2016 IRS Scams


Most people have seen bogus emails claiming to be from the executors of the estate of Nigerian princes or other obscure foreign notables who want to give them millions of dollars. Sometimes people also get bogus calls telling them they can win a lottery sweepstake or receive debt relief.


But apparently one of the most effective and dangerous telephone scams these days involves a call from the Internal Revenue Service. The phone rings and a very aggressive person on the other end of the line tells you that you owe money to the IRS. This debt, you are told, must be paid promptly through a pre-loaded debit card or wire transfer. If you refuse to cooperate (as, of course, you should), you’re threatened with arrest, suspension of a driver’s license or revocation of a business license. In the case of recent immigrants, the caller may also threaten deportation.


In the most sophisticated calls, the scammer may know (and recite) the last four digits of your Social Security number, and may even use electronic spoofing to make it appear on your phone’s caller ID that the calling number comes from IRS headquarters. A bogus follow-up email may be sent to support the bogus call, or sometimes a follow-up call from an individual who is pretending to be from the local police or the Department of Motor Vehicles.


The goal, of course, is to scare you out of your wits—enough so that you’ll make a payment so the federal authorities will go away and leave you alone. In all, the IRS says that 5,000 victims have collectively paid over $26.5 million to bogus IRS scammers.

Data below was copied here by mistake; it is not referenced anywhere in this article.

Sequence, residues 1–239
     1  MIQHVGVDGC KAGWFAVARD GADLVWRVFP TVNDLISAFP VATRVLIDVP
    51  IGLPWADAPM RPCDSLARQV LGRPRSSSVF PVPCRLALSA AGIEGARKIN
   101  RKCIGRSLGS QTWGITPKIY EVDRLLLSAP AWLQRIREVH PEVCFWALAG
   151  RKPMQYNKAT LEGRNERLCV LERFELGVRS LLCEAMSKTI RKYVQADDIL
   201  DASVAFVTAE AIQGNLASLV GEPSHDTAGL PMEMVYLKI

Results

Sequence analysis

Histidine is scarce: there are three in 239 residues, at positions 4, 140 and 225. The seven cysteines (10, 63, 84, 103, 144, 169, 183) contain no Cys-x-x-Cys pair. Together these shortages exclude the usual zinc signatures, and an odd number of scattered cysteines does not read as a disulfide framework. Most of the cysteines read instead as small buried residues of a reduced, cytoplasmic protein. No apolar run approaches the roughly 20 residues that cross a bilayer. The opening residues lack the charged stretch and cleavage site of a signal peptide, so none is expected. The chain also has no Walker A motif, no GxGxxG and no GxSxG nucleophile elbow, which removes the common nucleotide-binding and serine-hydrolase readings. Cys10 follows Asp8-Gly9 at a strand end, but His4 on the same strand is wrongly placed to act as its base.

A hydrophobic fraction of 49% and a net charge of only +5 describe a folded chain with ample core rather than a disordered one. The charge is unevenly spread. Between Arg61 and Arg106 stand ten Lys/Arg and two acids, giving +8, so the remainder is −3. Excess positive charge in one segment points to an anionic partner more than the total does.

A more recent version of the scam involves a less aggressive phone call from somebody pretending to be an IRS agent, who says he or she wants to verify your tax information so your forms can be processed. The scam artists say they’re looking at your tax return, and need some additional information. The goal is to get you to give up personal information such as your Social Security number, bank numbers or credit card information that can then be used for identity theft scams.


The IRS has assured the public that it never, ever asks for credit card information over the phone, and it never requests prepaid debit card or wire transfer payments. It never asks for you to divulge personal information by phone or email, or demands payments without giving you an opportunity to appeal the amount they say you owe.


If you receive a call that threatens police action and demands immediate payment, that is a certain indication that the caller does not represent the IRS. Generally, taxpayers who have a legitimate tax issue are contacted by mail.


It is important to be vigilant in protecting yourself from scams. Try to remember these three simple tips:

  1. Trust Your Instincts – If something strikes you as being off, it probably is. Trust your gut and simply disregard the phone.
  2. Is It From Your Mailbox – Standard protocol for the IRS is to contact you by mail. Again, disregard any other form of communication.
  3. The IRS Is Patient – You may have mistakenly thrown away the original IRS correspondence, or you ignored it due to legitimacy concerns. The IRS will not forget about you. They will continue to follow up methodically with mail correspondence, and they will not impose a high pressure to resolve the issue today.


If you receive one of these bogus calls, you can report the incident to the Treasury Inspector General at 800-366-4484. And if you get an email that purports to be from the IRS, make sure you don’t click on any attachments. Instead, forward the email, in its entirety, to phishing@IRS.gov.